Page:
|Title||Constraining the Hard State Accretion Geometry for Black Hole Binaries|
|Author||Dr John Tomsick|
|Description||Understanding black hole systems in their canonical hard state is a major goal of high energy astrophysics. This state features a hard X-ray spectrum, a high level of timing noise, and emission from a jet at radio, infrared, and perhaps higher frequencies. Observations can constrain the theoretical models by answering two questions: Does the inner edge of the accretion disk recede in the hard state?; and how is the accretion geometry related to the presence of a jet? Here, we propose to extend X-ray and radio studies of the hard state to low flux levels in order to answer these questions.|
|Publication||No observations found associated with the current proposal|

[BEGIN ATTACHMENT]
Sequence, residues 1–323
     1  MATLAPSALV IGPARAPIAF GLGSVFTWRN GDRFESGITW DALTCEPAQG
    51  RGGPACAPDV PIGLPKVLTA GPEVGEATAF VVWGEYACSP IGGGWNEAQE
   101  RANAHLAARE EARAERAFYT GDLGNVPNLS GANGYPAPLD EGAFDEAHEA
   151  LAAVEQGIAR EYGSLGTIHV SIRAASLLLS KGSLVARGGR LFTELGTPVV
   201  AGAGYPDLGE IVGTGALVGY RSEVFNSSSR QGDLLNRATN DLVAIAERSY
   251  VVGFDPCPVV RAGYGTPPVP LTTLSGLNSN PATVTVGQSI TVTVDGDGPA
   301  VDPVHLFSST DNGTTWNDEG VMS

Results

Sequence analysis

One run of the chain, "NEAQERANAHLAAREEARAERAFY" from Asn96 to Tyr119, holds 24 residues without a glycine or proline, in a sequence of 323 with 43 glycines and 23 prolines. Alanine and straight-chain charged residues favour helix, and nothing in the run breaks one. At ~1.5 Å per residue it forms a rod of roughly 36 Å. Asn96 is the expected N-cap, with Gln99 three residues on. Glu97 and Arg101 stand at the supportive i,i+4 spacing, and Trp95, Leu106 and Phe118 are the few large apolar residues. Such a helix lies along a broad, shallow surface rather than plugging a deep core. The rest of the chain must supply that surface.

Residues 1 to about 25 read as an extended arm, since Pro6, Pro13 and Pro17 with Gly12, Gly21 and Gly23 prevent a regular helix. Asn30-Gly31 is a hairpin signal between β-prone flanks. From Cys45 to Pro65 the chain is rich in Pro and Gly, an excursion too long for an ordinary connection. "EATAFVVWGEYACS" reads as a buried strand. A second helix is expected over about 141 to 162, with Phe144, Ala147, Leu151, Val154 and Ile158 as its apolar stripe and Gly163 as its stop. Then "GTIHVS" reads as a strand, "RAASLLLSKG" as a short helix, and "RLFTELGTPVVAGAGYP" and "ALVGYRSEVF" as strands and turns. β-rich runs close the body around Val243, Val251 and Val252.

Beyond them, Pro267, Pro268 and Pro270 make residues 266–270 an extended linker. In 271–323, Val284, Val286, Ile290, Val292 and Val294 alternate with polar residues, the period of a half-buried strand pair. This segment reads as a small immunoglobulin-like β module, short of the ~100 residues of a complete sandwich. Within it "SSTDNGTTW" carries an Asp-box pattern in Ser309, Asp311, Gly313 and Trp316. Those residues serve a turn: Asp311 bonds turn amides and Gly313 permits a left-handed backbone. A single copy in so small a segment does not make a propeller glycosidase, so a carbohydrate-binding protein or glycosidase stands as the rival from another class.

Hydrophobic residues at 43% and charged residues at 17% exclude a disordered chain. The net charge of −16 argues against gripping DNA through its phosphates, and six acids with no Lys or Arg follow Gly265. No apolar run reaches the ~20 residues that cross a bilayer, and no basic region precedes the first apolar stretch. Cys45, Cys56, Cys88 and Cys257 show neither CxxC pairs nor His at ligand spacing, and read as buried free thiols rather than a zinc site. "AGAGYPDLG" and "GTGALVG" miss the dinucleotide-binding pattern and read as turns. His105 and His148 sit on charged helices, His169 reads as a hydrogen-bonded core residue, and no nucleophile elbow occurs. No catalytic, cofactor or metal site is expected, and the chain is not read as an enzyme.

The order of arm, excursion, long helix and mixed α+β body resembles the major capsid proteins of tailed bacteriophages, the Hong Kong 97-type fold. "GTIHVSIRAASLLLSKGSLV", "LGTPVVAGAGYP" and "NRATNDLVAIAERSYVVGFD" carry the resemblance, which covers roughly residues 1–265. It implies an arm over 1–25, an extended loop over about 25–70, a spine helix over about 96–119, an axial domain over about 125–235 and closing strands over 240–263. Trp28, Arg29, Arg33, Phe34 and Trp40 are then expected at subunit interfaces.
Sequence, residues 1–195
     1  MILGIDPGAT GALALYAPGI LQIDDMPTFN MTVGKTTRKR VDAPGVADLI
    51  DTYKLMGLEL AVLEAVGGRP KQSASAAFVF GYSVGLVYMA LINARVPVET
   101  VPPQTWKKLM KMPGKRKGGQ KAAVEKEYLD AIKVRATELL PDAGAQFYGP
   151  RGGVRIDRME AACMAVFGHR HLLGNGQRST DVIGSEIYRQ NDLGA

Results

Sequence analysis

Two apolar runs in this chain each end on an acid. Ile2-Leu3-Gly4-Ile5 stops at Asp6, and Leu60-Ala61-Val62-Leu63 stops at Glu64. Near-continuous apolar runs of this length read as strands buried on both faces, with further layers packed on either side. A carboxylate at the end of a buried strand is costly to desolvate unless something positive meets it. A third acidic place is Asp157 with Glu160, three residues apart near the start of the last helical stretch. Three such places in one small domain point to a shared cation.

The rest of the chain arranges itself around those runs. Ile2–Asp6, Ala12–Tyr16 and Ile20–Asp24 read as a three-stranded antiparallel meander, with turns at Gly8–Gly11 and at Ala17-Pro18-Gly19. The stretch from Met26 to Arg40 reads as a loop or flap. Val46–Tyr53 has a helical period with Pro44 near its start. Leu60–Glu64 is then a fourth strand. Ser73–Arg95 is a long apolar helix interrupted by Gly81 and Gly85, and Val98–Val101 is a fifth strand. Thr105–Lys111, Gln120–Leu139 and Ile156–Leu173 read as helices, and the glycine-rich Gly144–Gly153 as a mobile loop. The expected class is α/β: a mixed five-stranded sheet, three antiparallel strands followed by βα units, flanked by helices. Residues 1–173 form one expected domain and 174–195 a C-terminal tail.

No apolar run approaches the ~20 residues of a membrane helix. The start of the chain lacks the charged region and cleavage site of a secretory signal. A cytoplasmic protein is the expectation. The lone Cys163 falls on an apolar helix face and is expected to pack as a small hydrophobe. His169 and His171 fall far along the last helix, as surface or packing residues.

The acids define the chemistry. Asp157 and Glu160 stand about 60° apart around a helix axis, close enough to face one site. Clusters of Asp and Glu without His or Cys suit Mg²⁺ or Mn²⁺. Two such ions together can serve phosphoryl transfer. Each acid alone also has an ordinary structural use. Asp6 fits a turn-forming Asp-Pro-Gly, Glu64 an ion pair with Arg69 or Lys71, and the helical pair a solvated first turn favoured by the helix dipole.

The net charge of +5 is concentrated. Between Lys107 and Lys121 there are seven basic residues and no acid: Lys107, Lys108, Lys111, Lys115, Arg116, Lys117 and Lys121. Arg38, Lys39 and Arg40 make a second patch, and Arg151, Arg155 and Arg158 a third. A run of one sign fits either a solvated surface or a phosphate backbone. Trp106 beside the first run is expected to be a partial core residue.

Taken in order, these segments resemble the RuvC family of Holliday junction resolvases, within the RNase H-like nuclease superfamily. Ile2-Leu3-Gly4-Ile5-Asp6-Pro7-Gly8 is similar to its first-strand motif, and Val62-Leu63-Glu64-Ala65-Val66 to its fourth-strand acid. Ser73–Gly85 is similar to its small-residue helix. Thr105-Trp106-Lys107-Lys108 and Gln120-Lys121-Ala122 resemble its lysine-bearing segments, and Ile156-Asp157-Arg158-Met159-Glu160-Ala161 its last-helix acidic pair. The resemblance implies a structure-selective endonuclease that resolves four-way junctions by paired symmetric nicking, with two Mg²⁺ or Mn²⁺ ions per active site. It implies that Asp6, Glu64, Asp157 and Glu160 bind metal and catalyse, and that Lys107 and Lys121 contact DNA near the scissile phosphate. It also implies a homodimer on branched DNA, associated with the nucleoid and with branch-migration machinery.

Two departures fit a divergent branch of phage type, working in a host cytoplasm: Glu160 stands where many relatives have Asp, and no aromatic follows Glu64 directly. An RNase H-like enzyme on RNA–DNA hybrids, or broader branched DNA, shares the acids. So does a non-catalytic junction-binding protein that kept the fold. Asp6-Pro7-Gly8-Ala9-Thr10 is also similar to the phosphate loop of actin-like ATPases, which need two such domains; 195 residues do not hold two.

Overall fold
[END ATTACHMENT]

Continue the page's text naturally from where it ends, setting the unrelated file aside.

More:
|Instrument||EMOS1, EMOS2, EPN, OM, RGS1, RGS2|
|Mission Description||The European Space Agency's (ESA) X-ray Multi-Mirror Mission (XMM-Newton) was launched by an Ariane 504 on December 10th 1999. XMM-Newton is ESA's second cornerstone of the Horizon 2000 Science Programme. It carries 3 high throughput X-ray telescopes with an unprecedented effective area, and an optical monitor, the first flown on a X-ray observatory. The large collecting area and ability to make long uninterrupted exposures provide highly sensitive observations.
Since Earth's atmosphere blocks out all X-rays, only a telescope in space can detect and study celestial X-ray sources. The XMM-Newton mission is helping scientists to solve a number of cosmic mysteries, ranging from the enigmatic black holes to the origins of the Universe itself. Observing time on XMM-Newton is being made available to the scientific community, applying for observational periods on a competitive basis.
|Publisher And Registrant||European Space Agency|
|Credit Guidelines||European Space Agency, 2011-10-28T00:00:00Z, 055395, 17.56_20190403_1200. https://doi.org/10.5270/esa-zea5faw|